With respect to CIS in the prostatic urethra, the EAU guidelines support performance of biopsies in patients with bladder neck tumors, presence or suspicion of CIS, positive cytology without evidence of tumor, and presence of abnormalities in the prostatic urethra.[5] Biopsies of the prostatic urethra in the paramontanal zone using the resection loop have shown a better diagnostic performance, allowing the assessment of prostatic urethra mucosa, paraurethral ducts, and possible stromal invasion;[10] in addition, this strategy seems to prepare the prostatic urethra for eventual treatment with BCG, resulting in an improvement in the response rate (RR).[11]

Narrow Band Imaging

The most recent clinical data on the usefulness of narrow band imaging (NBI) in the diagnosis of CIS are reflected in two meta-analyses that show that NBI significantly improves the detection rate compared with WLC [the additional detection rate was 25.1% (95% CI: 0.09–0.42) in per-patient analysis and 31.1% (95% CI 0.24–0.39) in per-lesion analysis]. This diagnostic strategy improves the recurrence rate at 3 and 12 months of follow-up [RR = 0.43 (95% CI: 0.23–0.79) and 0.81 (95% CI: 0.69–0.95), respectively].[12,13]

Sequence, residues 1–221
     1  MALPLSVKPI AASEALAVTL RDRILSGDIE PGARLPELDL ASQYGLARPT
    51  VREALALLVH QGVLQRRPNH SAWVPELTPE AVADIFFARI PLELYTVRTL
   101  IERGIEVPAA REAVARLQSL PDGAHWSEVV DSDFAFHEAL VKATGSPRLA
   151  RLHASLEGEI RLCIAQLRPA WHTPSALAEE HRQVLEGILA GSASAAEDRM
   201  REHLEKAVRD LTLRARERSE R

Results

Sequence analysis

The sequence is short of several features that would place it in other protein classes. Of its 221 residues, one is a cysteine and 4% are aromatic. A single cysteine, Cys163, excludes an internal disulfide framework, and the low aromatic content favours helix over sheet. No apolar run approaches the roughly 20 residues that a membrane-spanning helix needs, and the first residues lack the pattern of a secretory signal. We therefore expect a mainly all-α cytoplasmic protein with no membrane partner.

Photodynamic Diagnosis

There is a growing body of evidence on the basis of multiple clinical trials and meta-analyses that shows an improvement in the CIS detection rate with photodynamic diagnosis (PDD) compared with WLC. The additional detection rate with respect to CIS could reach 50% according to some authors.[14] A meta-analysis of individual patient data from three prospective nonrandomized clinical trials designed to assess the cumulative difference in detection of CIS between PDD and WLC confirmed PDD to be superior [detection rate with PDD vs. WLC: 0.87 (95% CI: 0.82–0.92) vs. 0.75 (95% CI: 0.69–0.82); P = 0.006].[15] Moreover, other meta-analyses involving patients in different clinical stages have likewise demonstrated superiority of PDD over WLC for the detection of CIS. Thus, Kausch et al.[16] showed an additional detection rate of 39% with PDD (95% CI: 0.23–0.57), whereas Mowatt et al.[14] found that PDD improved the detection rate sensitivity by 51 and 36% in per-patient and per-biopsy analysis, respectively. Similarly, Burger et al.[17] reported an additional CIS detection rate of 40.8%.